Information From Iowa Labor Services Division
What Iowa's Employers and Working Youth Need To Know...
Youth under the age of 16 in Iowa are required to have a work
permit before starting work. The following information is intended
to clarify some of the Iowa Child Labor laws.
Who needs a work permit? People under 16 years of age cannot be employed or permitted to work, with or without compensation, unless the person, firm, or corporation employing the youth receives and keeps a work permit on file, accessible to any officer charged with the enforcement of the child labor laws. The employer also is required to keep a complete list of the names and ages of anyone under 16 years of age in his employ.
How to get a work permit. A youth first must go in person to the local school official designated as an issuing officer or the Iowa Workforce Development Center and provide one of the following acceptable forms of evidence of age: a certified copy of a birth certificate, current passport or certified copy of baptismal record showing the date and place of birth and the place of the child’s baptism. If none of these is available, then a written certification from a physician appointed by the local board of education certifying that, in the physician’s opinion, the applicant is 14 years of age or older, is required. The employer then must complete the work permit (Child Labor Form), specifically listing all work the minor will be performing, equipment he will use, and hours to be worked. After completing this section, the minor’s parent completes and signs his portion of the form. The form then is returned to the issuing officer for review and approval.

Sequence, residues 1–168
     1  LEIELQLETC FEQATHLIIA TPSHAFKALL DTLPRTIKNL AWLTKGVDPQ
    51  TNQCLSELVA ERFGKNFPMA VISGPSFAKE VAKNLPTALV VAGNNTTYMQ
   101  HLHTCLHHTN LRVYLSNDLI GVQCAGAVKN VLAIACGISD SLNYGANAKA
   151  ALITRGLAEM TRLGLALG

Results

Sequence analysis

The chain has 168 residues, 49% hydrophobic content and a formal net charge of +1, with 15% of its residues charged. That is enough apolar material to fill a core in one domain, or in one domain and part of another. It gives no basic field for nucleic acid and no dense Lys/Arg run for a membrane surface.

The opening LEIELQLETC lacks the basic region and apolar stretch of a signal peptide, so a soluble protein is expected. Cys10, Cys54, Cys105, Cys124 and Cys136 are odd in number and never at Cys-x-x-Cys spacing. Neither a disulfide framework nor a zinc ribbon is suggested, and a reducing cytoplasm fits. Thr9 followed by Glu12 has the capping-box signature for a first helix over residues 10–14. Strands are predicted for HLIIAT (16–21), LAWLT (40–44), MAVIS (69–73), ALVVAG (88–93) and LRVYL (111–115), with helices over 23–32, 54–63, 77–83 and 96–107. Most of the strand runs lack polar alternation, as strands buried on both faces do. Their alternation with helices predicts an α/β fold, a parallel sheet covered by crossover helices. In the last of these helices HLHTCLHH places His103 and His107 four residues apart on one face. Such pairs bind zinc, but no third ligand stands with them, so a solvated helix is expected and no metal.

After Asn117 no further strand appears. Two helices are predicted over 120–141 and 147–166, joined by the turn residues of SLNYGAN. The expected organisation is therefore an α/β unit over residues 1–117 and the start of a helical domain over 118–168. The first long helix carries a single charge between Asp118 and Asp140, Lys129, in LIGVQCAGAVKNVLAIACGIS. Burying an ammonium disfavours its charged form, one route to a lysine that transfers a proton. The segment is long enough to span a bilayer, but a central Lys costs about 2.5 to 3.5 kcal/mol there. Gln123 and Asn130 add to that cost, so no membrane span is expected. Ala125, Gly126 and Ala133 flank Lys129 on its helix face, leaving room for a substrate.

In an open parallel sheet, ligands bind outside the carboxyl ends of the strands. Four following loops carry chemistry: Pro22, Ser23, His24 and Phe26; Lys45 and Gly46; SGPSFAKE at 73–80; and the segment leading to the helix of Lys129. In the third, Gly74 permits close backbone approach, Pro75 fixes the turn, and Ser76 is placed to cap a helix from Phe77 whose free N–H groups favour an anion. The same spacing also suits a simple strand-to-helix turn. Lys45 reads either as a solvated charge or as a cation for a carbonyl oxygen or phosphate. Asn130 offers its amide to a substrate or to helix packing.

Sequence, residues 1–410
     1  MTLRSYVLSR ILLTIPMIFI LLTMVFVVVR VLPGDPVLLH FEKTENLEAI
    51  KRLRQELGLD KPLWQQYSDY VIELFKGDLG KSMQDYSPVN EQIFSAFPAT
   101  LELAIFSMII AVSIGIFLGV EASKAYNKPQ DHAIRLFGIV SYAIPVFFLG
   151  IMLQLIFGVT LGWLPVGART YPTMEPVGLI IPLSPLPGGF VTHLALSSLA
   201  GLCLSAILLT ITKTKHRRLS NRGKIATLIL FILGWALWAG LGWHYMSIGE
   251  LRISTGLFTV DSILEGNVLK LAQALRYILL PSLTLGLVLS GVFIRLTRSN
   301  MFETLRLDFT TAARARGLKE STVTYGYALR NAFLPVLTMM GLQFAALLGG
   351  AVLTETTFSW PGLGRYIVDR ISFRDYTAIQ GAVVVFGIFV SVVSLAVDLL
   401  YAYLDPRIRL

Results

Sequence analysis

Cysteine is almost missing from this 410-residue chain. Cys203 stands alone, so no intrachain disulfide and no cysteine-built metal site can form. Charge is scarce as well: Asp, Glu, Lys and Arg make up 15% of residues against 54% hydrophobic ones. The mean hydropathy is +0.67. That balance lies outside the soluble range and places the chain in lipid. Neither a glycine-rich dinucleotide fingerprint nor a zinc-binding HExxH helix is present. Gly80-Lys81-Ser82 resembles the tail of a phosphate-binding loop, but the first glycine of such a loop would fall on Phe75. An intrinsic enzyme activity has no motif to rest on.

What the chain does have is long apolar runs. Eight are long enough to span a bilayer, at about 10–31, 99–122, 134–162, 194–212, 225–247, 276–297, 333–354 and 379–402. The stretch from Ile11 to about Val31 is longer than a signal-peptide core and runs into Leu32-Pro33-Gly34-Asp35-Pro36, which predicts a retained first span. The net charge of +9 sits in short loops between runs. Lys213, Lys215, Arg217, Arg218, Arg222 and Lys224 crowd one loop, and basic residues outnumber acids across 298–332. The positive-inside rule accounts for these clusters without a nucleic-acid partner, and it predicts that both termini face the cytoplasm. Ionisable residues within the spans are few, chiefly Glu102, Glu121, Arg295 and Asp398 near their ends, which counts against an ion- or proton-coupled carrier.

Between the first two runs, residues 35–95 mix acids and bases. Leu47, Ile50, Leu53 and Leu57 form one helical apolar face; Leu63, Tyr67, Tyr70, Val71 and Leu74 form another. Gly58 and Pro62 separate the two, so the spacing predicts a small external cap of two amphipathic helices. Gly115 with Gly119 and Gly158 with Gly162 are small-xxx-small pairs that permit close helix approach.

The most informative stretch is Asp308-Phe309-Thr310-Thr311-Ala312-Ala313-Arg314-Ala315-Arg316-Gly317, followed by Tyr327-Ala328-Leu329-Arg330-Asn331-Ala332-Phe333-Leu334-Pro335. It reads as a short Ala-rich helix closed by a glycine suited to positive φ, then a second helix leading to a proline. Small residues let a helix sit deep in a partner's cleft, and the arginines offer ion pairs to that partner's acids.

What hours can 14 or 15-year-olds work? Outside school hours, between 7 a.m. and 7 p.m., from the day after Labor Day (in September) through May 31, and no more than four hours per day, Monday through Friday, or eight hours per day on Saturdays, Sundays and holidays. No more than a total of 28 hours per week is allowed. From June 1 through Labor Day, a minor may work up to eight hours per day between 7 a.m. and 9 p.m., but not more than 40 hours per week.
Federal child labor laws restrict maximum work hours to 18 hours
per week, from the day after Labor Day (in September) through May
31, with three hours per day, Monday through Friday, outside of
school hours, and eight hours on Saturday, Sundays and holidays,
between 7 a.m. and 7 p.m.
Who needs a Certificate of Age? An employer may require that a prospective minor employee obtain a Certificate of Age. Youths who are 16 or older can obtain a Certificate of Age by going to the local Workforce Development Center or the local school official designated as the issuing officer with one of the following acceptable forms of evidence of age: a certified copy of a birth certificate, current passport or certified copy of a baptismal certificate, or a physician’s certification of age, completed by a physician appointed by the local board of education certifying that, in the physician’s opinion, the minor is 14 years of age or older.
Under Iowa Child Labor laws, Iowa Code Chapter 92, minors under the age of 18 are prohibited from working in certain occupations, performing certain duties, and from using certain equipment.
For more information on federal child labor laws, contact the U.S. Department of Labor, Wage and Hour Division, in Des Moines at (515) 284-4625.
(For an employer subject to both state and federal child labor laws, the employer should follow the more restrictive law.)
Wage Payment Collection and Minimum Wage
Learn about Iowa's Minimum Wage Law, Direct Deposit and Pay Stub information from the Iowa Division of Labor.
Fair Labor Standards
The FSLA has established federal child labor rules, minimum wage, overtime pay, recordkeeping, and child labor rules affecting full- and part-time workers.